(Last Updated on : 15/07/2011)
A Village by the Sea is written by an eminent writer Anita Desai that tells the tale of a village-situated near the sea. The title of the story aptly describes the storyline.
Anita Desai is popularly known novelist, short story writer, screenwriter as well as a children's writer. She was born on 24th June 1937 at Mussoorie. She had a flair for writing from her early childhood. Being a daughter of a German mother and Bengali father she stated her life speaking German at home and Hindi with friends. At her primary school level she learnt English and wrote her first short story at the age of nine. She studied in Queen Mary's higher secondary school in New Delhi and afterwards at Miranda House from where she earned a bachelor's degree with English as her subject. Although she never stopped writing short stories her first novel 'Cry, the peacock' was released in the year 1963. This followed with chain of novels resulting into various awards including National Academy of Letters Award, Sahitya Akademi Awards
and many more.
She has also received Padma Shri in 1990. Presently she is the member of both the Advisory Board for English in New Delhi and the American Academy of Arts and Letters. She is also working as a fellow of the Royal Society of Literature. Desai has also taught writing at several universities, including Girton College at Cambridge University, Smith College, and Mt. Holyoke College. In 1993 she joined the faculty at the Massachusetts Institute of Technology as a creative writing instructor.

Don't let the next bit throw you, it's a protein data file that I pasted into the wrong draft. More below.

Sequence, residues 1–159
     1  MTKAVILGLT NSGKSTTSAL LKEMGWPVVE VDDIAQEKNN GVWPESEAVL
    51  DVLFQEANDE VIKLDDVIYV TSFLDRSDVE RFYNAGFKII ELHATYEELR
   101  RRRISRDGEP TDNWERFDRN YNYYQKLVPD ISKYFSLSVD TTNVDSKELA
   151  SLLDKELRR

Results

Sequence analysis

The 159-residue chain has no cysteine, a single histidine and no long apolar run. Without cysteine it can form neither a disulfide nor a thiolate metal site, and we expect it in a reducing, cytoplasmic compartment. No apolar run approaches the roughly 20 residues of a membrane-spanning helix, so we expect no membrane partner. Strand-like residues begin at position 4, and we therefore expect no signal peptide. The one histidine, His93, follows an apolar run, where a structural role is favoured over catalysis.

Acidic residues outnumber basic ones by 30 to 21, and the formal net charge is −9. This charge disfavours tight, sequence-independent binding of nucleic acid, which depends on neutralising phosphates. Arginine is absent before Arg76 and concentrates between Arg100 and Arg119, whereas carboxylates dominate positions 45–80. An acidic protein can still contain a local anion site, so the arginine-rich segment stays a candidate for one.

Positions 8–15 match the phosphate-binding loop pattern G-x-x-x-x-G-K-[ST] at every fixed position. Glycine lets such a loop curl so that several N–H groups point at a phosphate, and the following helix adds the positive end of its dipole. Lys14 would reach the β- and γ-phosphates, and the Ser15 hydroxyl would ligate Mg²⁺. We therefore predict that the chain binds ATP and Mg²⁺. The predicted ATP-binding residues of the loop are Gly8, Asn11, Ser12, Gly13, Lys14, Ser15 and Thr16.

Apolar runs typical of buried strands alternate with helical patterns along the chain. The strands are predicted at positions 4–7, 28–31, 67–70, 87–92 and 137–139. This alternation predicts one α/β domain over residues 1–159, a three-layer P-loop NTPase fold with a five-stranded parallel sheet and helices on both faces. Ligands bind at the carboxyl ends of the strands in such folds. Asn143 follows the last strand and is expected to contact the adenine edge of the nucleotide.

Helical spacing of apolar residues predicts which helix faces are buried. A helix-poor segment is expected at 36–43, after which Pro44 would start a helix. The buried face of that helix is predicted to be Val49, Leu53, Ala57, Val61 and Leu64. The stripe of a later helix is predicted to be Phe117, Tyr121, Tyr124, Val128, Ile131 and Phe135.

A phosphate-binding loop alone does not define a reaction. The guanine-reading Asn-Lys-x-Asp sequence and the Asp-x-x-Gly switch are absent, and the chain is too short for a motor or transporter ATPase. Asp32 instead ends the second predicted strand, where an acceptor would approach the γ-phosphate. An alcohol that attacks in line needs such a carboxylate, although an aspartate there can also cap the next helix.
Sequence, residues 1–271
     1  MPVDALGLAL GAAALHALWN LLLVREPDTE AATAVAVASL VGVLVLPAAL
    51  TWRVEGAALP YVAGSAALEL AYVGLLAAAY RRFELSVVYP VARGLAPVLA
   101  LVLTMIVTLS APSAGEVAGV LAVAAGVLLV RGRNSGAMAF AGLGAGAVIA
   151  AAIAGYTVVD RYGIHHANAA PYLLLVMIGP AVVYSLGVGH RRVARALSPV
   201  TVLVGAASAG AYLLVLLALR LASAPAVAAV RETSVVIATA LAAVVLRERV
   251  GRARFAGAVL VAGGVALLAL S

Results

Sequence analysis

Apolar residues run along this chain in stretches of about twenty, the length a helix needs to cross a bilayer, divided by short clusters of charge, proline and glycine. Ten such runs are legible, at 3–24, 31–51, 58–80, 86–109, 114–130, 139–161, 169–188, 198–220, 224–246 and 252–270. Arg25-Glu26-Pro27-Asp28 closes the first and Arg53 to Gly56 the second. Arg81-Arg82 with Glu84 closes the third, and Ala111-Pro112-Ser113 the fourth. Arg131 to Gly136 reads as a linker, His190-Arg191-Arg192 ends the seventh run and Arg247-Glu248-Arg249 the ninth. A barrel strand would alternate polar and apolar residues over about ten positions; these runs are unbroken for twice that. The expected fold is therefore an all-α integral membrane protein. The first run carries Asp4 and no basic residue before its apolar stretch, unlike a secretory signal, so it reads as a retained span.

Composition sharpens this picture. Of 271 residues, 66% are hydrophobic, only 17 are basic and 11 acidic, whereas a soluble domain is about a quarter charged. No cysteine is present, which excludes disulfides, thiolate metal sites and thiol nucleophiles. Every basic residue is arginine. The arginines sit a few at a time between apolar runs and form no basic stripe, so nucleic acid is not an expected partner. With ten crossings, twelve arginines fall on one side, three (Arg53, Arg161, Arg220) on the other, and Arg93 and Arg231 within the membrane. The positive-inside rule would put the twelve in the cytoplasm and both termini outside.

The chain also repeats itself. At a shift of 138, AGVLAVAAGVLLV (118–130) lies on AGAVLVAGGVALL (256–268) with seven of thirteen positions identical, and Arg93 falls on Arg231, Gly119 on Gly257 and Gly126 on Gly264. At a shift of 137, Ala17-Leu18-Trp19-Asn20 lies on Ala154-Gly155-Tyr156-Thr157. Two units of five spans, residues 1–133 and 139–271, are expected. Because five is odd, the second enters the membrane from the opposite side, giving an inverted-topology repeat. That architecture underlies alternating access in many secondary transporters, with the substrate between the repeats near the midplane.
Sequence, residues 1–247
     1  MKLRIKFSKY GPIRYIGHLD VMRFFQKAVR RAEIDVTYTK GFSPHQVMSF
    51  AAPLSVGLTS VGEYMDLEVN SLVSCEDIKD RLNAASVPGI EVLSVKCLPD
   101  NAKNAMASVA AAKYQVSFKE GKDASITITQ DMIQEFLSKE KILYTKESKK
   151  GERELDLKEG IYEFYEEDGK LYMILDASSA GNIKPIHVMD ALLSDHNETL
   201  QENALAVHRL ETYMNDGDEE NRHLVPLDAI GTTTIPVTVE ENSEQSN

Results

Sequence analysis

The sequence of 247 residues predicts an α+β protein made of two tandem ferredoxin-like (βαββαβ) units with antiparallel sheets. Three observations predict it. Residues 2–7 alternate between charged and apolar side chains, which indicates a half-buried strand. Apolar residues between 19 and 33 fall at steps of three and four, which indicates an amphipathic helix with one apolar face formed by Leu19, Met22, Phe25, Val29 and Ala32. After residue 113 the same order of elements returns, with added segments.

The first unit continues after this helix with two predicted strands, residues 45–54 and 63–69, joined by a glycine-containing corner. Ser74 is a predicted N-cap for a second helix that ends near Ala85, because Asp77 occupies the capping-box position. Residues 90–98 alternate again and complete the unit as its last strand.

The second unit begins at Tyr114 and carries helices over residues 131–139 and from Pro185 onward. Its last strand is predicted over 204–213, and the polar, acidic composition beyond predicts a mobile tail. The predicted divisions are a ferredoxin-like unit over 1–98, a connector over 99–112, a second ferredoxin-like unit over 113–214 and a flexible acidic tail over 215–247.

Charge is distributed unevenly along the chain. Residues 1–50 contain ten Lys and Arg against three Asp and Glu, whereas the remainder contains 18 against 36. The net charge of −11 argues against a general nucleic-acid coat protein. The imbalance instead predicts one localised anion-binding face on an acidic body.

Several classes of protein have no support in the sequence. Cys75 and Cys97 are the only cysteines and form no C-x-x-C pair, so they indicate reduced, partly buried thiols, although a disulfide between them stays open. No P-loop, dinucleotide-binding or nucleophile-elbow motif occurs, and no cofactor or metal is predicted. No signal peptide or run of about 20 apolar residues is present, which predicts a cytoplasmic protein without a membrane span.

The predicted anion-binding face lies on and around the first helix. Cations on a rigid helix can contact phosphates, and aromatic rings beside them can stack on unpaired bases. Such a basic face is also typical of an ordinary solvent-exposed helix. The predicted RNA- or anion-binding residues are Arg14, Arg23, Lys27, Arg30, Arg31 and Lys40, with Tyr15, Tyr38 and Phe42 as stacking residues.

Anita Desai's wonderful novel tells the story of a family living in the small fishing village of Thul, 14 kilometres from Mumbai. It is more precisely the story of two young people, Hari, a boy of 14, and Lila, a girl of 13. They do some difficult work even at this age. Lila has to look after their mother who is very ill with fever and requires constant care. She is also in charge of all the household tasks and has to look after their two younger sisters, Bela and Kamal. Hari on the other hand has to work in the fields, selling whatever he can at the market to feed the family. His father earns nothing and he has lost everything on drinking. Next to their hut there is a large country house called Mon Repos which is owned by the de Silvas from Bombay and whenever they come on holiday to Thul, Lila and Hari can earn some extra money by helping with the household or doing work in the garden. But there is a rumour in the village saying that a large fertilizer factory will replace the rice fields and the coconut groves very soon. The Government chose the location of Thul for its closeness to the port of Rewas. So new highways and railway lines are to be build and the villagers are worried about their future. Their thoughts and feelings are depicted beautifully. Many questions arise in the village, as for instance are they skilled enough to get a job at the factory? What will become of their traditional way of life? Will chemicals pollute the air and the sea? When a delegation is sent to Bombay to express their worries to the Minister Sahib, Hari decides to join the party. Before leaving, he decides that Bombay may offer him a better life opportunity than his frightened sisters, his sad house, his ill mother and his drunken father. And it is indeed in Bombay where this delicate boy, hari, will learn to fight and become a man. A clear transition is illustrated lucidly, which attracts the readers a lot. Anita Desai describes the village life beautifully in 'A Village by the Sea'. It gives the readers an insight into Indian culture and tradition as reflected by the people of Thul. Tradition, cultural values and rituals are found almost everywhere in the country, be it the busy cities or the quiet villages. 'A Village By the sea' attempts to capture the very essence of culture and tradition in a village. Anita Desai's use of language catches every corners of the village life through the eyes of the people of Thul.